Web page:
• At least 10 "f" words (1 used sexually), 4 "s" words, 4 hells, 1 ass, and 16 uses of "Jesus," 4 uses each of "Jesus Christ," "Oh God," and "God," 2 uses of "My God" and 1 use each of "God forsaken" and "Oh my God" as exclamations.
  • Mia and Elliot have sex on a train in full view of anyone looking through the window, which includes Leigh. She, and we, see movement and we hear some sounds, but don't see any nudity.
  • Jake and Margaret have sex in the woods on their way home. We see movement and hear sounds, but again no nudity is seen.
  • Margaret tells Lena that she's used to sleeping in the same bed with Jake and asks permission if they can do so. Lena complies, saying, "I like her" (about her honesty).
  • Leigh and Margaret joke about Mia's train encounter (above) and mentions it was a good thing they (Elliot and Mia) weren't driving or Mia would have been "spread eagle" on the dashboard.
  • Jake and Margaret have sex again with movement and sounds (but no nudity). Others hear them, their squeaky bed and the rhythmic thumping of their bedposts. Mia then crawls on top of Elliot (presumably to have sex) and Lena tells Hal that they have to be quiet (and they presumably have sex). We then hear rhythmic thumping sounds and some moaning for several minutes during this sequence.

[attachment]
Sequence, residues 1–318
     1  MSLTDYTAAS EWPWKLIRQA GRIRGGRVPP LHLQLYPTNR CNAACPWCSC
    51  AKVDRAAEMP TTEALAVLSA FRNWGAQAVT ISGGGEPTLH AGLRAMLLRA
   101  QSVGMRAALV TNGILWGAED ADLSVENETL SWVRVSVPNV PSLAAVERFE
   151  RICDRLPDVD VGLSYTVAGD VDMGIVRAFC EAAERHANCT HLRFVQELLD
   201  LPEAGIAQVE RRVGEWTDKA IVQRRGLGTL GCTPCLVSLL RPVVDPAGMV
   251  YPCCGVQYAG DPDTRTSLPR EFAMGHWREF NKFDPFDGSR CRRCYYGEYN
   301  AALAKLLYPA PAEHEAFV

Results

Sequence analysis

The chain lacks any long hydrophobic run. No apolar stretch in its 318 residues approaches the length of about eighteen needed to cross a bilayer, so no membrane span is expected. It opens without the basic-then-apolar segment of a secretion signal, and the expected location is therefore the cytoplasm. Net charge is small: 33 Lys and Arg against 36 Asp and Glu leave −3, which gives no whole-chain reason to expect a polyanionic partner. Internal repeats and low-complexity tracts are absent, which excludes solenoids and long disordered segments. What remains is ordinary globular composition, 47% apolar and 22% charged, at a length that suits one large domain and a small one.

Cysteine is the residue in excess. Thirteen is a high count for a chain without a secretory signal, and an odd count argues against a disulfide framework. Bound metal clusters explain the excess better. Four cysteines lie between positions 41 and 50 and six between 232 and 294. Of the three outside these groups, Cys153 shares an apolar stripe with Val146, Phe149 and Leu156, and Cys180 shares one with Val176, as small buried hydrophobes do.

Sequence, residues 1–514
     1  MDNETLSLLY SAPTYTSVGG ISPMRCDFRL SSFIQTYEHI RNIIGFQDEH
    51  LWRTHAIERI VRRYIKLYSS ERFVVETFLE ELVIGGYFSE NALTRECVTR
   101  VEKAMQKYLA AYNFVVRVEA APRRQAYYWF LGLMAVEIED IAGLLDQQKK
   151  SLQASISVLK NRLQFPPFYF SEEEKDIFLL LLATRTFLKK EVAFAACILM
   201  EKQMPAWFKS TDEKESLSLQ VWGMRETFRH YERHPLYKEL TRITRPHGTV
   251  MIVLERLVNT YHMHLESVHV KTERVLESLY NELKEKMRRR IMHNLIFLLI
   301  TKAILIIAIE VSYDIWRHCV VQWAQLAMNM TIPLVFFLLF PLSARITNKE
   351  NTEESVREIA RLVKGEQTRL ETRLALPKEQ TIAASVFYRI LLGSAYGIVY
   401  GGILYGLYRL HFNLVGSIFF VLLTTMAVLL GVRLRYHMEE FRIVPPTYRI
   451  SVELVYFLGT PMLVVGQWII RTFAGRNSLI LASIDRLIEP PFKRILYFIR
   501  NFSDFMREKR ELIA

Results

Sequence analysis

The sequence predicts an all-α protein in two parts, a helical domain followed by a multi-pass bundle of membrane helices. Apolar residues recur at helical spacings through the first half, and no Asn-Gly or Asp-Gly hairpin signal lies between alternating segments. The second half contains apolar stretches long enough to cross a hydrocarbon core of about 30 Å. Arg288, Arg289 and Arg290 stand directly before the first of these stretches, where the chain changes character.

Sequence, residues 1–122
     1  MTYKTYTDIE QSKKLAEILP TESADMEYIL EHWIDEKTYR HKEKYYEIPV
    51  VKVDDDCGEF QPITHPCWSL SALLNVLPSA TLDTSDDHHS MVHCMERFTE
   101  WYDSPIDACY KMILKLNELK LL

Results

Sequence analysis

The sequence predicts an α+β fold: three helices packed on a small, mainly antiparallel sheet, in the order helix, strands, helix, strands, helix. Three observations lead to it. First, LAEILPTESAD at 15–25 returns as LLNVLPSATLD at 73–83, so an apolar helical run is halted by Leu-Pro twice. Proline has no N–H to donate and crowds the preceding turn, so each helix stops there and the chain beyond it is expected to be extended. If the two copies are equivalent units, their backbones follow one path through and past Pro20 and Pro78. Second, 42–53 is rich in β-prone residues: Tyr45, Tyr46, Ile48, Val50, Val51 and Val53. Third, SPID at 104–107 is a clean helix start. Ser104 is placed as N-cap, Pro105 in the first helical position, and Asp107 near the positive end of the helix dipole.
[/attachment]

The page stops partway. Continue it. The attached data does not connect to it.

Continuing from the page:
• The next morning Lena mentions that no matter how old your kids get, they still can't accept that fact their parents have sex.
  • Warrens smokes a few times during the movie, and we see Hal smoke a cigar and cigarette while Jake smokes in one scene.
  • The family members all don't get along with each other, and there's some arguing between them.
  • Hal isn't happy that Warren's arrived a day early, nor with any or all of the family members being there for Thanksgiving.
  • Mia and Elliot don't get along and obviously don't have a happy marriage.
  • The family must deal with the subtle signs that Hal is starting to go senile.
  • Family problems.
  • Parents who are aging, and the onset of senility.
  • Warren pushes his father to the floor after he won't stop dancing with Daphne.

  • Reviewed October 15, 1997